Apparently the nation's doctors are taking the 'next logical step' in their bid for world domination by fielding candidates at the next general election. This something I have long recommended. A period of being abused on the doorstep and getting fewer votes than a man dressed as a chicken is just what these meddling quacks need to bring them down to reality.
Sadly, I doubt that many of them will bother to stand. The money's not good enough and they've been dictating the policy of successive governments without any popular mandate for years, so why bother?
There's nothing I can say about this that hasn't been said better by Graeme Archer at the Telegraph, so just go read his article...
[Minimum pricing is] a policy with the sticky fingers of the BMA all over it, too. I don’t know why we don’t just devolve government to the doctors’ trade union and be done with it; after all, they’re in such a high state of dudgeon over the health Bill (the BMA is not accustomed to being disobeyed by Health Secretaries) that they plan to field candidates at general elections. These candidates, it is claimed, will be “non-party” and “independent”, to which one might respond: independent of whom? Not of the BMA, whose party they effectively represent.
I looked up the BMA website, and – surprise! – the policy of minimum pricing is indeed one of the medico-comrades’ manifesto pledges. (The link to the alcohol policy is right next to the “Doctors taking action against Climate Change” page, which made me shudder and fear for what’s coming next.)
... I don’t know why the doctors feel the need to bother forming a party and standing for election anyway, since governments introduce every statist piece of social control they demand. I wonder if they’re ready for the rigours of an election campaign? There’s more to it than shouting “I don’t like the health Bill; now fund my ludicrously over-generous pension scheme” at bewildered taxpayers. The GPs might also be shocked to learn that most political door-knocking happens in the evenings and at weekends, and, no, you can’t get locums to cover that out-of-hours work for you. Still, I do like the idea of GPs being quizzed on their policy by interested voters: just how many units did you consume last week, doctor? And who gave you the right to make my sauvignon blanc more expensive?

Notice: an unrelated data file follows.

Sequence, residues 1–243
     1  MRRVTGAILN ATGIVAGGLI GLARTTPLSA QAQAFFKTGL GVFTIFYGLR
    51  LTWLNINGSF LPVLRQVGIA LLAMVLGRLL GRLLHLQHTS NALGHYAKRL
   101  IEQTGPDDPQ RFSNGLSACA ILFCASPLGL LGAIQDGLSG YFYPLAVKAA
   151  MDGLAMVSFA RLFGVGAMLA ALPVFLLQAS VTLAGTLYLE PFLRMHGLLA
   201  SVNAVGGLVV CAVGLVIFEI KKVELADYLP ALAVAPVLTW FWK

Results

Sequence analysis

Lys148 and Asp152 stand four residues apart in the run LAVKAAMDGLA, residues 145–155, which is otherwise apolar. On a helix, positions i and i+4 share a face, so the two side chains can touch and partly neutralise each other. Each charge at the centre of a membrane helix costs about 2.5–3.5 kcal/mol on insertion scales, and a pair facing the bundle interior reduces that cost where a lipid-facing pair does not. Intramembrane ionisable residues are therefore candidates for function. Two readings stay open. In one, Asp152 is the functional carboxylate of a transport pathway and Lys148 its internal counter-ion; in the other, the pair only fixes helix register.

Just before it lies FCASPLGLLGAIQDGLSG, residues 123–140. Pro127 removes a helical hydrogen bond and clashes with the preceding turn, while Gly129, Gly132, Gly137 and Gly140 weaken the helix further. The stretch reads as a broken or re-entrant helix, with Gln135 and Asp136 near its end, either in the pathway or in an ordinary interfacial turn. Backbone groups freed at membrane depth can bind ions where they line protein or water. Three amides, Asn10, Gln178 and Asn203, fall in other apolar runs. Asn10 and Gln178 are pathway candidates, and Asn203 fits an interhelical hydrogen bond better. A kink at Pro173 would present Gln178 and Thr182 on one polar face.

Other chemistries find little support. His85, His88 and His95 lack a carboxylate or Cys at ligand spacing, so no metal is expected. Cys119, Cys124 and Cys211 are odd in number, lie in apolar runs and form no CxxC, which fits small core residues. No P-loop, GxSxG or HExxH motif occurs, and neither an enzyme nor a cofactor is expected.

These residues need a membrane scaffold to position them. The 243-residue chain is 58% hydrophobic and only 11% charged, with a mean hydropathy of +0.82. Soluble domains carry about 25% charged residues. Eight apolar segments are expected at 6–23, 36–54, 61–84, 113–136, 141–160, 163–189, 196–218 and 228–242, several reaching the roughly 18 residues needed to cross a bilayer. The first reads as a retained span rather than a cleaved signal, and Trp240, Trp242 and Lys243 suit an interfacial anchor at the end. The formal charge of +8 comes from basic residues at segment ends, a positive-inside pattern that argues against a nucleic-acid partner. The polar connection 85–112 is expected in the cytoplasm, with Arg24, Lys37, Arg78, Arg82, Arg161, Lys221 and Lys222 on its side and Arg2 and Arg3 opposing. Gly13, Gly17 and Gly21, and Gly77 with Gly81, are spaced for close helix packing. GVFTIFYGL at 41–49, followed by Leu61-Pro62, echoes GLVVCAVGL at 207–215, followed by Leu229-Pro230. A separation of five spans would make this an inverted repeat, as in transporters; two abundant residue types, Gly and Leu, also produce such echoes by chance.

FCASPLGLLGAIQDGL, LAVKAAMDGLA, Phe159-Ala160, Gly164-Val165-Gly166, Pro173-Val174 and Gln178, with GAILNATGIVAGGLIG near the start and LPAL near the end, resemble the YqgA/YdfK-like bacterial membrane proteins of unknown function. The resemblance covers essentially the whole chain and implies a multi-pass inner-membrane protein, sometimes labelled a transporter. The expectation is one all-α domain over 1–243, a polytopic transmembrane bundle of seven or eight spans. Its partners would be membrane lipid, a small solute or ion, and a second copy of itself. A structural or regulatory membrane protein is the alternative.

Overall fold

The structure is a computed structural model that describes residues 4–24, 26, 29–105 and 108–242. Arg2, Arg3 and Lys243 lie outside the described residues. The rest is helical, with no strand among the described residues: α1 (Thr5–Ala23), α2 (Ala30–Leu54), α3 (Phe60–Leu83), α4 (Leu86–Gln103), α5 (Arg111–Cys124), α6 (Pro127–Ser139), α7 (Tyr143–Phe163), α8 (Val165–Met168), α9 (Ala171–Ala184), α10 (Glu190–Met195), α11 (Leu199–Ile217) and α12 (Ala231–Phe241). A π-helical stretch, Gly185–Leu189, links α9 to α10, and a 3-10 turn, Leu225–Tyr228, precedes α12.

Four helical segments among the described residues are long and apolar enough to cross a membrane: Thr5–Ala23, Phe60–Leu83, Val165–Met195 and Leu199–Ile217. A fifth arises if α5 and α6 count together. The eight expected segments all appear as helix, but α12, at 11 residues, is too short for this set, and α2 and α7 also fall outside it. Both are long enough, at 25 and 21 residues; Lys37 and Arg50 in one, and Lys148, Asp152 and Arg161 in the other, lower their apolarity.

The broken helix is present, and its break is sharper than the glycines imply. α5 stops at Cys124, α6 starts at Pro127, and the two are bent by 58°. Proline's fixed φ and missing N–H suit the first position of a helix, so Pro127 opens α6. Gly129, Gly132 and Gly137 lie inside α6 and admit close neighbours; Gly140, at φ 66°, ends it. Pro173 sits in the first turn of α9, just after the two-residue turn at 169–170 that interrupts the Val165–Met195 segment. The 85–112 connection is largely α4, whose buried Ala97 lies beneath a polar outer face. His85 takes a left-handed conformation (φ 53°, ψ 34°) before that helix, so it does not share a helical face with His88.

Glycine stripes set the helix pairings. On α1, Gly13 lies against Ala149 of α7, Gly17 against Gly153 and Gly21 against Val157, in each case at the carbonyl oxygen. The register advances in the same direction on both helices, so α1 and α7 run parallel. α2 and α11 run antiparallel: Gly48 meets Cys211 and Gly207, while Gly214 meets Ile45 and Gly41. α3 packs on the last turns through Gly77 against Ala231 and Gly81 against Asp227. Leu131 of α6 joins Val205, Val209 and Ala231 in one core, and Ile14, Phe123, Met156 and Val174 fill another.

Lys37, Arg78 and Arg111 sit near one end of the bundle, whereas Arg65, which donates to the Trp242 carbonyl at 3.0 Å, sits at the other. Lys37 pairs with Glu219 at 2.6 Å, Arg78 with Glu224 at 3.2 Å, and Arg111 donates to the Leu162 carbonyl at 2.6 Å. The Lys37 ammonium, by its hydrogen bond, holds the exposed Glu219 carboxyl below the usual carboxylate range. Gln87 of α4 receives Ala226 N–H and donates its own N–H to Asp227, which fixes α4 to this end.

Sadly, the answer to that last question is “a Conservative Prime Minister”. One of the reasons I did drag my sorry backside around council estates in the rain at the last election, delivering leaflets for the Prime Minister’s party and desperately trying to squeeze just one more Tory vote from the Labour-inclined burghers of Hackney, was precisely because more than a decade of a government that thought it knew better than I did how to live my life was enough.
Minimum pricing for alcohol fails, miserably, the leaflet test: we got rid of Labour, for this? That beer can be cheaper than water apparently troubles Mr Cameron. He should realise that the cheapness of beer is one of the few perks left to make life bearable for his over-taxed, over-regulated, fed-up fellow citizens. Better the sticky heap of Gin Lane, than the joyless futility of government-controlled alcohol prices.
Tim Worstall is also reliably sound on minimum pricing, an idea "so glaringly, inanely, stupid that it even has the European Commission on the right side of the point issue."
This is the most monumentally insane, stupid and illiberal nonsense that we've had imposed upon us in years. There have been things more illiberal, yes, but not insane at the same time...
I can reveal that I've once met Cameron, just after he came down from Oxford. I took an instant dislike to him and I'm able to say that the intervening years haven't produced any evidence that I should have changed my mind.
Minimum alcohol pricing is doing something that almost certainly shouldn't be done and then compounding the error by doing it in the most cackhanded way possible and illegally to boot. Just what is it that they teach in PPE these days?